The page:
Time.news – In Dubai, after a one-year postponement due to Covid, the curtain rises on the world chess championship. On both sides of the table is the Norwegian Magnus Carlsen, holder of the scepter for eight years, and the Russian newcomer Ian Nepomniachtchi, for all ‘Nepo’ given the complexity of the surname, who dreams of bringing back to Russia a title that has been missing since 2007.
The background is the sumptuous one of Dubai, of petrol dollars (winner and loser will share a prize pool of 2 million dollars) and of Expo 2020.
Both born in 1990, Carlsen and Nepo have been used to facing each other since they were teenagers. “While I can’t say we’re close friends, we have a good relationship,” the Russian said in a recent interview, explaining how the two have also studied and worked together in the past.
And if the Norwegian is today counted among the best players of all time, initially it was the Russian who often prevailed. In Spain, for example, in 2002, during the European under 12 championship, or a few months later, in Crete, at the World Championships. In an interview of the time with a Norwegian newspaper Carlsen had told how the two also challenged each other in billiards and that neither was particularly impressed by the other’s game. But perhaps because in those and other occasions it was almost always Nepo who won.
But then everything changed. Carlsen’s race to the chess Olympus has never stopped: from the top of the international ranking (by Elo score, Fide rating) reached at 19, and never abandoned, to the conquest of the world scepter, just over two years later, against a mythical figure like Viswanathan Anand, defeated at home , in Chennai. It was on that occasion that the Norwegian amazed the world.
He was just 22 years old, the same age as Kasparov when he won his first title confirming the role of predestined that had been stuck on him since he was 13, when he obtained the title of Grand Master. In recent years, then, Carlsen has defended the crown from the assaults of Anand himself, of another Russian, Sergej Karjakin, and of the Italian-American Fabiano Caruana, opposing security and, as noted by many, a certain swagger.
In addition, the Scandinavian chess player has built a real empire on his name, between collaborations and sponsorships, online tournaments and appearances. The last one a few months ago, in Dortmund, to meet another rising star of Norwegian sport, the Borussia striker Erling Haaland.
Nepo, a champion of grimaces and strange expressions, happened to be much less at the center of the scene. That of the Russian was a steeper path, between peaks and descents, sharp and defeats. He became Grand Master at 17, four years after his rival, and while he achieved many remarkable results he never fully emerged.
His talent is boundless, of course, but so is his inconstancy. Few, perhaps, would have bet on him in the candidates’ tournament (the ‘group’ that qualifies the challenger to the title) but the truth is that his victory has made everything more open. Nepo, number five in the world, as remembered by Carlsen himself at the press conference, is an aggressive and dangerous player because he is not afraid to take risks. The opposite of the harmony, technique and precision with which Carlsen plays.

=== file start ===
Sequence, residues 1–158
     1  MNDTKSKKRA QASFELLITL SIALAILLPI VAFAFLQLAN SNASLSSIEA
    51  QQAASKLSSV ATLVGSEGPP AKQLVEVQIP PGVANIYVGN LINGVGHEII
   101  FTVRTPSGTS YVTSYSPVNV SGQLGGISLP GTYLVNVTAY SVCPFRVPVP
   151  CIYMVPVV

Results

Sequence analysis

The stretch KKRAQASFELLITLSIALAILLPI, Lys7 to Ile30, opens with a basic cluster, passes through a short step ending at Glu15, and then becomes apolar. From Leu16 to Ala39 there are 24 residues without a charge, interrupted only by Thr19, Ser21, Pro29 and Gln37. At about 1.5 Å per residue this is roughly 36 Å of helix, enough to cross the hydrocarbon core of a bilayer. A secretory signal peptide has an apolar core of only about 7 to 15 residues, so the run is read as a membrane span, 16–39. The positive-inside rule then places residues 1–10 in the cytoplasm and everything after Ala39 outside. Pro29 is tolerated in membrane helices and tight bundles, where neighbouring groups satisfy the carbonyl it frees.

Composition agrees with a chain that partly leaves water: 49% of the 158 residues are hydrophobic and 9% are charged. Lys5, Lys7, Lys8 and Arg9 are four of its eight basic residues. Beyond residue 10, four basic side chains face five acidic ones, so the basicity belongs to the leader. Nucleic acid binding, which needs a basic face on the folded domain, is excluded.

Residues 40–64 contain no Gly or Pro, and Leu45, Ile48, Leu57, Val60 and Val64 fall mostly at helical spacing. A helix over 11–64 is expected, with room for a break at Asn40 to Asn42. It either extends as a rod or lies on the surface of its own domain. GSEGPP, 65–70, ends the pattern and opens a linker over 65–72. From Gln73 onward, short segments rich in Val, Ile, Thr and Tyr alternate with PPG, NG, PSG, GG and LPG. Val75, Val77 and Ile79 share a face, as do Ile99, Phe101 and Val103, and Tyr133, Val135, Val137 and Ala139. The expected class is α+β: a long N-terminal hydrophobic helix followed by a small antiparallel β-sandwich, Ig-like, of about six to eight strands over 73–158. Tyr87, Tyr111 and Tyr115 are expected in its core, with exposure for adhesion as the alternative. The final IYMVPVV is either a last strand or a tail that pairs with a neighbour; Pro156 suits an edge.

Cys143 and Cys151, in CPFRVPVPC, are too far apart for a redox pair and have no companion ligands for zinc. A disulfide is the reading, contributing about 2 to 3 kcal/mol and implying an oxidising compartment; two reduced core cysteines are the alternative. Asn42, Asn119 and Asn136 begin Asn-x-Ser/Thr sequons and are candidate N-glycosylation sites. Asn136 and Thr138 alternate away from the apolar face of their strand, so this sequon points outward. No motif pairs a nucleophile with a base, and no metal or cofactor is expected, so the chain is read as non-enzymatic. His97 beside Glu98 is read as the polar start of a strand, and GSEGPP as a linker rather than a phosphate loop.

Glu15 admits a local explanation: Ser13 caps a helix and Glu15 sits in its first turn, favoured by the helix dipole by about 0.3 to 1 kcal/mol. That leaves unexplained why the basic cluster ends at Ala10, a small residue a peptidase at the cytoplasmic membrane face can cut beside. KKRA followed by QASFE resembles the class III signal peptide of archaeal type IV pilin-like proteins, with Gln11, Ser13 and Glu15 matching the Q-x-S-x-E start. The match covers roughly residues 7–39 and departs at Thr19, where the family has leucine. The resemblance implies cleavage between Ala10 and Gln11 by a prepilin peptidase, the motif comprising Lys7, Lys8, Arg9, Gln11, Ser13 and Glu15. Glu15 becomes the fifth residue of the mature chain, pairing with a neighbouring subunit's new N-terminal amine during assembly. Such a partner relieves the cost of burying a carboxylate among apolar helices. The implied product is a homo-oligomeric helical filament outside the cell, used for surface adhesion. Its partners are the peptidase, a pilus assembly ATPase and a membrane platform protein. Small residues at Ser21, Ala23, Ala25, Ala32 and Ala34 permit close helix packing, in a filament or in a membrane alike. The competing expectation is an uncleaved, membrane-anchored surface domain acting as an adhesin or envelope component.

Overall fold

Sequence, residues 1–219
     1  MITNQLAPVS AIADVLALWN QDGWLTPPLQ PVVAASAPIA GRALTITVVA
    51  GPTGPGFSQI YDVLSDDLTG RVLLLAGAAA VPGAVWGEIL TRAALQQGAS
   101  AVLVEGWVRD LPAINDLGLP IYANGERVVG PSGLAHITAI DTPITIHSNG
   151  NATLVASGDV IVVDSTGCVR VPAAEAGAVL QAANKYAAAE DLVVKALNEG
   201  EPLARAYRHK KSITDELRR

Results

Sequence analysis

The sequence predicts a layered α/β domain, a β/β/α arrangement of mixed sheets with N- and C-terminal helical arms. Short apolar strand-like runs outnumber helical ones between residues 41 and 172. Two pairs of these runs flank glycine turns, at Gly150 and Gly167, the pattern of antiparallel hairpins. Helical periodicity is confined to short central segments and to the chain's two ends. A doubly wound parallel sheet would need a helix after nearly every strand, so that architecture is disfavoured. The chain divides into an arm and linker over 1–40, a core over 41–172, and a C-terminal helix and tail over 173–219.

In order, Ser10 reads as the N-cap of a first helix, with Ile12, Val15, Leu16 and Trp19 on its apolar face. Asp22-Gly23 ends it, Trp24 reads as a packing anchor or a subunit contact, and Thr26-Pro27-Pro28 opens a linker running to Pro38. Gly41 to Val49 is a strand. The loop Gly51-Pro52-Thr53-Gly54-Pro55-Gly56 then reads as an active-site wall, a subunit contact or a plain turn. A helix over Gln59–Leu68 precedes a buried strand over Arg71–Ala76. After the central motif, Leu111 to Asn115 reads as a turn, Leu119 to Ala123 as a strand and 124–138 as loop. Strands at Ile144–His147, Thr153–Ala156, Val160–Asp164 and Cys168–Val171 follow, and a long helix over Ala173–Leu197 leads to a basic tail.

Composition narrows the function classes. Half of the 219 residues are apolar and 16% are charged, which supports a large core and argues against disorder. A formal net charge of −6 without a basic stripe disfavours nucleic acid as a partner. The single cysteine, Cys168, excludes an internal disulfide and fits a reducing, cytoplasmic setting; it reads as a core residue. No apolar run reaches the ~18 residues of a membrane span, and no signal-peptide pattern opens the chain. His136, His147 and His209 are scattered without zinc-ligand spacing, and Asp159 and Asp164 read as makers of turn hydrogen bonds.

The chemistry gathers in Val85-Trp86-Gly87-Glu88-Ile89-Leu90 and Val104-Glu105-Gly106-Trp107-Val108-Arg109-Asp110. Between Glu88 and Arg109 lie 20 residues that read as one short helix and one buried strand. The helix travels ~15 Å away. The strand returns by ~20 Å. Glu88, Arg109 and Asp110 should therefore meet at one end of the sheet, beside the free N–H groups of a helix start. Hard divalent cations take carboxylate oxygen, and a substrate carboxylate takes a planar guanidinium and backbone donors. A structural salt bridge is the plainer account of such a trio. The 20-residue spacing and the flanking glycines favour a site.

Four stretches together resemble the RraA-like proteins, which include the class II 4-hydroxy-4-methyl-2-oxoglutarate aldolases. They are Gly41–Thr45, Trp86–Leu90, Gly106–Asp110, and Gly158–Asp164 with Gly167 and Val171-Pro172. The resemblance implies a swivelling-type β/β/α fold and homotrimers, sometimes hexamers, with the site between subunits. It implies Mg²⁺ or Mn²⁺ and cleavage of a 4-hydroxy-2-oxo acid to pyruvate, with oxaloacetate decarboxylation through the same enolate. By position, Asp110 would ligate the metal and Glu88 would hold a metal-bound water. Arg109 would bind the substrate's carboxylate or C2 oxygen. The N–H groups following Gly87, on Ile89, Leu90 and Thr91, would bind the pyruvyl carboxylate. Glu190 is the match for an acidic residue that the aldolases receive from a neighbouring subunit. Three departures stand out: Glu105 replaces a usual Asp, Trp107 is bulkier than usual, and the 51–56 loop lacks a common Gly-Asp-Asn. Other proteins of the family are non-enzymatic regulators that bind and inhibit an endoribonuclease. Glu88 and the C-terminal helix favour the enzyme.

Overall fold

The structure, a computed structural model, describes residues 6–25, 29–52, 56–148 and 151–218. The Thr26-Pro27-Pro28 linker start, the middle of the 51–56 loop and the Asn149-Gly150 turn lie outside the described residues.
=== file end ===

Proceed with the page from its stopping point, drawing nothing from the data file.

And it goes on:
The Russian, a great video game enthusiast, then arrives in Dubai as an underdog and with really nothing to lose. And if you look closely at the curriculum it turns out that he is one of the few to have a positive balance in the challenges, with a classic cadence, against the current world champion (the question is different if we also consider the ‘quick’ challenges). To be precise, he leads with four wins, one defeat and six draws.
In conclusion, if there is a chess player who can put Carlsen in trouble, it could be Nepo who, in recent months, has declared that he has deepened many aspects of his game, focusing as much as possible on the opportunity, perhaps more unique than rare, that he has in his hands in Dubai. To do so, he lost 10 kilos.
An aspect, that of physical form, that not even Carlsen neglects: “There are three main aspects in the preparation of this game: the pure chess part, the physical training and the mental preparation. Also, you need a good team around you during the actual match, ”he revealed to the Spanish news agency Efe.
It was Anand, on the other hand, when asked by the chess.com site, to explain why the Russian has more than one chance: “I think the most important thing to know is that Nepo’s style is somehow incompatible with Magnus’s, in the sense that it will not be easy for the latter to adapt to what he will face “. The Russian, for the Indian champion,” is the only one who has the ability to adopt certain tactics against Magnus, who remains the favorite , but Ian will have his chances. ”
The world championship takes place from November 26th to December 14th. It is structured in 14 games, one a day starting at 1.30pm Italian time. In the event of a tie, there will be “rapid” challenges scheduled for December 15 (four quick games of 25 minutes each, plus an increase of 10 seconds per move, the winner is whoever gets a score of 2.5 first; in the event of a tie we proceed to even faster blitz games).
The time available in each match is 120 minutes for the first 40 moves, followed by 60 minutes for the next 20 moves and then 15 minutes for the rest of the game with an increase of 30 seconds per move starting from number 61. The draw established that, in the first match, it will be “Nepo” who will play with white and therefore will open the dance. To know the name of the winner, however, we still have to wait.